Society can condition, berate and bully us into believing that clutter is bad. But that's not always true. Clutter builds up from time constraints, creativity and consumerism. Must-do items that you don't have time to complete just now go into a pile on the kitchen table. In-progress projects occupy a corner of the living room. Over-abundant clothing, DVDs and small appliances ooze beyond their storage units.
Messiness can cause stress and lower your self-image, but in many cases, the negative feelings about your home organization stem from worrying about how others perceive your clutter. Humans are innately organized, but we all have different styles. Some see clutter as a failure of home cleaning. Moderate clutter, however, might be the by-product of a high-functioning, well-engaged, highly organized mind. The question to ask isn't whether your clutter disturbs someone else, but whether it functions for you.
Some people want or need visual reminders. Having a pile of bills on the table that reminds you to pay them is far better than neatly filing them out of sight and forgetting to pay them. The person who spends time working on a project but leaves all of his or her tools on the table accomplishes more than someone who puts everything away, and then has to expend more time and energy digging it all back out before resuming work.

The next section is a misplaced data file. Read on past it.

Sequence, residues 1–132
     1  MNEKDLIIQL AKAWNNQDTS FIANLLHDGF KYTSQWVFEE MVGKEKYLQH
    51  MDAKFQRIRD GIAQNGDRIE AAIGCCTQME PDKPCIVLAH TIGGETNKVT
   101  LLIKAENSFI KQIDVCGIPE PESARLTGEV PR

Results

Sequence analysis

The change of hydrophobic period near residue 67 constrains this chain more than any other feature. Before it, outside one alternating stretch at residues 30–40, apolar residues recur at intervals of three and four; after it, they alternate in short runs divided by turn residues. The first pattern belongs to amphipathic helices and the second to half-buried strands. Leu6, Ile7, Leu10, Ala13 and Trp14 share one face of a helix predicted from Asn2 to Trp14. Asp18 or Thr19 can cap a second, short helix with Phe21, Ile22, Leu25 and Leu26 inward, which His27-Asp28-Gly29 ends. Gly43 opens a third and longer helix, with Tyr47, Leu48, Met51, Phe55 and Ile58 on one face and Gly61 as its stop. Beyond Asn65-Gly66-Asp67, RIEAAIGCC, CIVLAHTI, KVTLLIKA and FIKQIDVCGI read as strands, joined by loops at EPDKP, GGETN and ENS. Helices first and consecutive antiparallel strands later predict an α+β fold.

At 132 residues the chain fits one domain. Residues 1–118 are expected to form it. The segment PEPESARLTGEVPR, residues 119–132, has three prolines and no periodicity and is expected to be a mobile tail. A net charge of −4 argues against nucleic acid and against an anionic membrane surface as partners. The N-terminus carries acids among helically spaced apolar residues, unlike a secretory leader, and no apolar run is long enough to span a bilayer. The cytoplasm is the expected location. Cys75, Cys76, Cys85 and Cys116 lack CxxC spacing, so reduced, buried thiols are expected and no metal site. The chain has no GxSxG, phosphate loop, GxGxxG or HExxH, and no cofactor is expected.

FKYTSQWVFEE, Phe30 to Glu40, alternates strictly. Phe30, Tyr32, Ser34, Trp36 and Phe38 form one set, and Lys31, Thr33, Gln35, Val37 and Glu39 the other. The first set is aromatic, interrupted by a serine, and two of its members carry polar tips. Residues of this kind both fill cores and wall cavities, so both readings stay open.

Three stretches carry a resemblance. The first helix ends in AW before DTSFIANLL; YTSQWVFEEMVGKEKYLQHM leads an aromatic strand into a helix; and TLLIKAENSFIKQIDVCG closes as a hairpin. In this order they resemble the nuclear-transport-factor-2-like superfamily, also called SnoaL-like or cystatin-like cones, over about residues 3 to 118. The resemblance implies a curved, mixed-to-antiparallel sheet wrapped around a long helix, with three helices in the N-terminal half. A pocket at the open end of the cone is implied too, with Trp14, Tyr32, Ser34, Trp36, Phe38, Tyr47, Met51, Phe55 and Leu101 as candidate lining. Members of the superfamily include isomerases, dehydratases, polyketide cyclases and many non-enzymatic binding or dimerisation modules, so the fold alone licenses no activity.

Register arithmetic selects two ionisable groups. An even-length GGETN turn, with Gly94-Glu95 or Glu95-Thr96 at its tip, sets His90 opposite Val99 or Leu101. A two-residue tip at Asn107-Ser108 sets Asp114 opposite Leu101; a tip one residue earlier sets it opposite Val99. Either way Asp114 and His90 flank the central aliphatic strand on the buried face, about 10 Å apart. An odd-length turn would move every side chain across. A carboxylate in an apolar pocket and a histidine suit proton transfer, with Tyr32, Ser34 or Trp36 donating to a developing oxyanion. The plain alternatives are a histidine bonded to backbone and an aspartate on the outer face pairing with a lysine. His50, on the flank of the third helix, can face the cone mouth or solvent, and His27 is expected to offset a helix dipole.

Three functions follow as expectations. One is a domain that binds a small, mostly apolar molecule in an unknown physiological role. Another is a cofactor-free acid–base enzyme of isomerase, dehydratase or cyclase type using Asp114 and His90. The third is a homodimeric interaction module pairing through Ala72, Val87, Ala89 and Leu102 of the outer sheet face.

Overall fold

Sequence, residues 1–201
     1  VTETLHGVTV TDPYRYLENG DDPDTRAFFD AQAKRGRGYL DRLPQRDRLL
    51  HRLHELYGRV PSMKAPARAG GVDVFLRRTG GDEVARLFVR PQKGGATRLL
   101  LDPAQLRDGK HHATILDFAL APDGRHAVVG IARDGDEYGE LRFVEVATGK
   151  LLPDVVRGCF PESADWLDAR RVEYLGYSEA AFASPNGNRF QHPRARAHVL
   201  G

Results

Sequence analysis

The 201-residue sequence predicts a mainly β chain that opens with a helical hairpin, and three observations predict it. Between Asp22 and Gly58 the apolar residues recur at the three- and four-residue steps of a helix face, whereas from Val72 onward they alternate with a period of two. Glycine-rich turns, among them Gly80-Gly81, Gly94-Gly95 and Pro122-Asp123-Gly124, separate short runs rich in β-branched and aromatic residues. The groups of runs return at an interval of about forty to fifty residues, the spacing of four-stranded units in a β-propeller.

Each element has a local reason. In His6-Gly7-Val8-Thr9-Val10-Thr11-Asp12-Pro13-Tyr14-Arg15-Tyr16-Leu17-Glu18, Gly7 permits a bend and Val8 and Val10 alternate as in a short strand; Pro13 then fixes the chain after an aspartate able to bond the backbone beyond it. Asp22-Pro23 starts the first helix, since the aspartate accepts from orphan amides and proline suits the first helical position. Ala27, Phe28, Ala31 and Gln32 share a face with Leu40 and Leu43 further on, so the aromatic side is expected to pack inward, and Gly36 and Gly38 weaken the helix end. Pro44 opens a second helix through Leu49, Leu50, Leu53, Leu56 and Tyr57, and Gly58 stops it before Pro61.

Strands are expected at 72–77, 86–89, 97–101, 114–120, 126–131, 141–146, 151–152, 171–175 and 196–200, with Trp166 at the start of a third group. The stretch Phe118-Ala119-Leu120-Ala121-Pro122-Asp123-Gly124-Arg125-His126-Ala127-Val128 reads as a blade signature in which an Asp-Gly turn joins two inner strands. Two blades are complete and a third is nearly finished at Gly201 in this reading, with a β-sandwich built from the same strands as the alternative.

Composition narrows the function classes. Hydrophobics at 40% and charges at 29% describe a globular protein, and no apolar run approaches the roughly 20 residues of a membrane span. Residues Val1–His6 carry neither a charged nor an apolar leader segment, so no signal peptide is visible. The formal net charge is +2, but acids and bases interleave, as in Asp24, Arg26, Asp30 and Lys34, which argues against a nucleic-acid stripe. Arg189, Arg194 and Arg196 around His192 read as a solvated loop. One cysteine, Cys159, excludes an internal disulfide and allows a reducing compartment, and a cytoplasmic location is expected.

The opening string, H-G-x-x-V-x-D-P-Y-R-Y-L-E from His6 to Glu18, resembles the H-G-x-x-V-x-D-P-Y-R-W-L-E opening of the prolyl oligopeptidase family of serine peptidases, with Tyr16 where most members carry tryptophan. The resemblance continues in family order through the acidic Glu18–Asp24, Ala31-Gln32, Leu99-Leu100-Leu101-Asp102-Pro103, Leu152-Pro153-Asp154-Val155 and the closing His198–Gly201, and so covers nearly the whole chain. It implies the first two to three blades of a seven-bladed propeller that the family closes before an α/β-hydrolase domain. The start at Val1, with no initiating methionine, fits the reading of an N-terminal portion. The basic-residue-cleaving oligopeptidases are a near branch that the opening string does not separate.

So when is clutter bad? For some people, clutter is a symptom of compulsive hoarding, an obsessive-compulsive disorder. Both excessive organization and excessive clutter are pathological; the main difference is that homes of neat people don't usually annoy neighbors or become news features. While most people find a healthy balance between organizing their house and enjoying living in it, here are some indicators that clutter is taking over:
- Your organized mess becomes a disorganized mess
- Your piles stop cycling and start growing in height and number
- Your household system ceases to function
- Clutter inhibits creativity rather than facilitating it
- Clutter impedes daily activities
- Bugs and larger pests make homes in your clutter
- Your friends arrange an intervention
Moderate clutter is normal, but excessive clutter harms your emotional, physical, financial and social health. It lengthens simple tasks and can make you feel incompetent. When piles swallow up bills and your payments are routinely late, your credit suffers. Shame over an excessively messy home can distance you from friends. Clutter that never moves collects allergy-inflaming dust and disease-bearing vermin.
For lots more information on creating a healthy home, see the next page.
Related HowStuffWorks Articles
- Abrahamson, Eric and David H. Freedman. A Perfect Mess: The Hidden Benefits of Disorder. New York: Little, Brown and Company, 2006.
- Alexander, Skye. 10-Minute Clutter Control Room by Room. Gloucester, MA: Fair Winds Press, 2005.
- Branscum, Deborah. "The Hoarding Syndrome: When Clutter Goes Out of Control." Reader's Digest: March 2007. (March 3, 2010) http://www.rd.com/living-healthy/the-hoarding-syndrome--when-clutter-goes-out-of-control/article34091.html
- Mayo Clinic Staff. "Hoarding." Mayo Foundation for Medical Education and Research. May 30, 2009. MayoClinic.com. Diseases and Conditions. (March 3, 2010) http://www.mayoclinic.com/health/hoarding/DS00966
- Nakone, Lanna, M.A. Organizing for Your Brain Type: Finding Your Own Solution to Managing Time, Paper, and Stuff. New York: St. Martin's Griffin, 2005.